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Replication data for: Understanding the Great Recession

Resource Type
  • Christiano, Lawrence J.
  • Eichenbaum, Martin S.
  • Trabandt, Mathias
Publication Date
  • Abstract

    We argue that the vast bulk of movements in aggregate real economic activity during the Great Recession were due to financial frictions. We reach this conclusion by looking through the lens of an estimated New Keynesian model in which firms face moderate degrees of price rigidities, no nominal rigidities in wages, and a binding zero lower bound constraint on the nominal interest rate. Our model does a good job of accounting for the joint behavior of labor and goods markets, as well as inflation, during the Great Recession. According to the model the observed fall in total factor productivity and the rise in the cost of working capital played critical roles in accounting for the small drop in inflation that occurred during the Great Recession. (JEL E12, E23, E24, E31, E32, E52)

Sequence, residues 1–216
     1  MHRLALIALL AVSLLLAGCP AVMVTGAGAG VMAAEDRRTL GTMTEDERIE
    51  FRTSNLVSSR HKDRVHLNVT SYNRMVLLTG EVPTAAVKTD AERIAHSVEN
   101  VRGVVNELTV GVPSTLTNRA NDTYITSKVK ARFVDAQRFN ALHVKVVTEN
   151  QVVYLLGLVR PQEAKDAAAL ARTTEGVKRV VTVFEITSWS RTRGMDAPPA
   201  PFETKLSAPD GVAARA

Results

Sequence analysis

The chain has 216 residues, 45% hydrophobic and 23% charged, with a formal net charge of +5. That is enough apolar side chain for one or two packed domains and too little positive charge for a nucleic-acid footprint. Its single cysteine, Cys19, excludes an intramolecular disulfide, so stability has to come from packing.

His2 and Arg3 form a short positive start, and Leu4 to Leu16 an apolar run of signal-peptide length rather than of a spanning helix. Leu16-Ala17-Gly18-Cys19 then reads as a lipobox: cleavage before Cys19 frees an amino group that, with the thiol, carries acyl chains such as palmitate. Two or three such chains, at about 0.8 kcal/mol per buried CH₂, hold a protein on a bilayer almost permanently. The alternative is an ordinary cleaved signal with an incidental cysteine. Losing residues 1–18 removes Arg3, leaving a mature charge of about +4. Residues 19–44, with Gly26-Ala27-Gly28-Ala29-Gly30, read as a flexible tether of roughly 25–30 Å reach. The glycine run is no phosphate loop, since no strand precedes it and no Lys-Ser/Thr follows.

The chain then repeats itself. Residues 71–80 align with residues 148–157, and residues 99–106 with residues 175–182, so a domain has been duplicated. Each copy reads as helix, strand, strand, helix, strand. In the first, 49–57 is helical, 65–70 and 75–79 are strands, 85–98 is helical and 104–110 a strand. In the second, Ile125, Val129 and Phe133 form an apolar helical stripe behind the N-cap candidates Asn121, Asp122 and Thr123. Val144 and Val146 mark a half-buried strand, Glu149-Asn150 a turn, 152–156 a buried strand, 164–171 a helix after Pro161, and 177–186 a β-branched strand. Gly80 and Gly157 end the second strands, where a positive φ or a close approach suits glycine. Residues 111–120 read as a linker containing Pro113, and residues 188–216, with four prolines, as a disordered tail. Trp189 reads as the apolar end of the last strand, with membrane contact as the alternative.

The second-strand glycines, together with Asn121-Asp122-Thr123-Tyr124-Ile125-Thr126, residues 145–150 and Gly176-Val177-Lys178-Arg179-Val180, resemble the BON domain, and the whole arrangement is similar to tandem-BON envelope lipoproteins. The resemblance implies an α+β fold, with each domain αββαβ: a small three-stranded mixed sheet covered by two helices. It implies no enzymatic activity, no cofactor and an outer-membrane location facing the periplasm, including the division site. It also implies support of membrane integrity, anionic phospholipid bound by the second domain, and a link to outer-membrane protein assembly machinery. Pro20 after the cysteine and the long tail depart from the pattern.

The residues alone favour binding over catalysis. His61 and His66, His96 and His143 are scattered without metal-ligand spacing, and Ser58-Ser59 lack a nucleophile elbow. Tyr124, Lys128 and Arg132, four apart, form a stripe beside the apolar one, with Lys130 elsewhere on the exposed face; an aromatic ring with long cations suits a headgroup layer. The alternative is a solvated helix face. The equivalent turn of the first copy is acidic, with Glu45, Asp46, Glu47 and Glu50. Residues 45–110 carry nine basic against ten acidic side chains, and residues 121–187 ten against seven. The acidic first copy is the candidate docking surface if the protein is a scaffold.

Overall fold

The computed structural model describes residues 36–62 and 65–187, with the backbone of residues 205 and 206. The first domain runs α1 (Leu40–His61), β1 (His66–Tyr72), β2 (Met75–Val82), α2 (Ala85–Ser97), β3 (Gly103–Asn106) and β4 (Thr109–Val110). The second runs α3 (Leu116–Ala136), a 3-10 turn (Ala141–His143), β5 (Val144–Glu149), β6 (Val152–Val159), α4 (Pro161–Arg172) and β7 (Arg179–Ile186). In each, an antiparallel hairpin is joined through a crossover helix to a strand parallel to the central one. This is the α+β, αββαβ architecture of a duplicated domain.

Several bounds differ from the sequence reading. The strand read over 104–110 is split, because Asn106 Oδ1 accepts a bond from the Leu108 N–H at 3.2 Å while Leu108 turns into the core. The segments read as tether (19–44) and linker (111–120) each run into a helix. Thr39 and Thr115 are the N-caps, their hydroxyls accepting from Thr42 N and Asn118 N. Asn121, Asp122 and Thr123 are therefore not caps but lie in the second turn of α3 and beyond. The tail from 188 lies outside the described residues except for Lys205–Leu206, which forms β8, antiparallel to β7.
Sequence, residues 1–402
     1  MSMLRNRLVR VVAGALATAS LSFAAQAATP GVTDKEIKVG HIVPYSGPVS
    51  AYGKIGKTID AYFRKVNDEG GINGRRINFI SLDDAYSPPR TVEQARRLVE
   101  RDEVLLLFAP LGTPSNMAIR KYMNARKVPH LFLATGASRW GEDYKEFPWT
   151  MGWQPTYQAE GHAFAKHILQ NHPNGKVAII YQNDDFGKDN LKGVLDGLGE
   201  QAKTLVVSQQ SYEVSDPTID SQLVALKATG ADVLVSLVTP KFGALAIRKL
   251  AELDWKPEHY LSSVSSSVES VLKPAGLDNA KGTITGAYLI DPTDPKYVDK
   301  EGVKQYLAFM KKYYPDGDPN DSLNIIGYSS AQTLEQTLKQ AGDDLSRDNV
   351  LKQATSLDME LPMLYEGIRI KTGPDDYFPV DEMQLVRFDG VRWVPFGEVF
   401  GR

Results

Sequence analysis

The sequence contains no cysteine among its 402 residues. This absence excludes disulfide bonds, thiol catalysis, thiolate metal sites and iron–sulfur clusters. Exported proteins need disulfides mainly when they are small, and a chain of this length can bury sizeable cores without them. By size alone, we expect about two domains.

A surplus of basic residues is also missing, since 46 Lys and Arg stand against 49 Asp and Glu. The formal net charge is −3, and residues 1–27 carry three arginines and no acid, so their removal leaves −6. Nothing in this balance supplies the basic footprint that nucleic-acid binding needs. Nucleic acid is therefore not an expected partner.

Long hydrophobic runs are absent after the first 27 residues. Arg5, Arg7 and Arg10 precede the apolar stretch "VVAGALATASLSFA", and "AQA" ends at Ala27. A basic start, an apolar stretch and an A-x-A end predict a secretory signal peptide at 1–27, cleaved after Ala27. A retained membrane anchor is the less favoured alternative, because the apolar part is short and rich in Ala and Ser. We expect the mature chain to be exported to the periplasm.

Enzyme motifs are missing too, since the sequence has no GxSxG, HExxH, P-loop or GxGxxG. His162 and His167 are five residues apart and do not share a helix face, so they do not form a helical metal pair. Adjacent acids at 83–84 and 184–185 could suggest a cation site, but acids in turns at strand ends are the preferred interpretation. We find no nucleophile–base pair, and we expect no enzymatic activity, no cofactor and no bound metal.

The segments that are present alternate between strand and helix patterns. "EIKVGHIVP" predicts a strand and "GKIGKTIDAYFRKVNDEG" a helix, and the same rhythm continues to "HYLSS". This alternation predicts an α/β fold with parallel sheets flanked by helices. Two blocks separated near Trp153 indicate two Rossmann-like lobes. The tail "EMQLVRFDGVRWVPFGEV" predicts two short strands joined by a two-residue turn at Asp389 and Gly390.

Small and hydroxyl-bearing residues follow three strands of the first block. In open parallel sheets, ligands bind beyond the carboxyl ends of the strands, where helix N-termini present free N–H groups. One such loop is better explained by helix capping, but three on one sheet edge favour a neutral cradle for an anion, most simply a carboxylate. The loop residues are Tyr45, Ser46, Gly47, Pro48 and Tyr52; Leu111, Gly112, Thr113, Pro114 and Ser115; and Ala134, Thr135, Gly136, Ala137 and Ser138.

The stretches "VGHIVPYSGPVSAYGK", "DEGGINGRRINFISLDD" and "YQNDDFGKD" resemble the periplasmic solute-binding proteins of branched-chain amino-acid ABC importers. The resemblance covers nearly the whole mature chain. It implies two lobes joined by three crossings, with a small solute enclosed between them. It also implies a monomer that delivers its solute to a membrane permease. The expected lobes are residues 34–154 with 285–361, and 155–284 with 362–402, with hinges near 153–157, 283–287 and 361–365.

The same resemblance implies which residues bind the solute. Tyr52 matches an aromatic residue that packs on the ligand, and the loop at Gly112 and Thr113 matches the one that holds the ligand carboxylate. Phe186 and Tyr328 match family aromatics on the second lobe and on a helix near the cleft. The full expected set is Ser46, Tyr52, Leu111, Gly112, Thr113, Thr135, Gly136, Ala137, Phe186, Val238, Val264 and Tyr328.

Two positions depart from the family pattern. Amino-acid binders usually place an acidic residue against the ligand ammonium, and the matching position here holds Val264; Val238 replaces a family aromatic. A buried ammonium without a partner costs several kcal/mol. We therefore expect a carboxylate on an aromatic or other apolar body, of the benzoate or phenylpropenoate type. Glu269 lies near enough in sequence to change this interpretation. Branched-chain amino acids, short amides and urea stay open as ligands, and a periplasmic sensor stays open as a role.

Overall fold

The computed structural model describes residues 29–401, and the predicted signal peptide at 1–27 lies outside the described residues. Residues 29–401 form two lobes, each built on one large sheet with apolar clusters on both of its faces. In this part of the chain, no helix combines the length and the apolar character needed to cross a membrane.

• Is supplemented by
    DOI: 10.1257/mac.20140104 (Text)
  • Christiano, Lawrence J., Martin S. Eichenbaum, and Mathias Trabandt. “Understanding the Great Recession.” American Economic Journal: Macroeconomics 7, no. 1 (January 2015): 110–67.
    • ID: 10.1257/mac.20140104 (DOI)

Update Metadata: 2019-10-13 | Issue Number: 1 | Registration Date: 2019-10-13

Christiano, Lawrence J.; Eichenbaum, Martin S.; Trabandt, Mathias (2015): Replication data for: Understanding the Great Recession. Version: V0. ICPSR - Interuniversity Consortium for Political and Social Research. Dataset.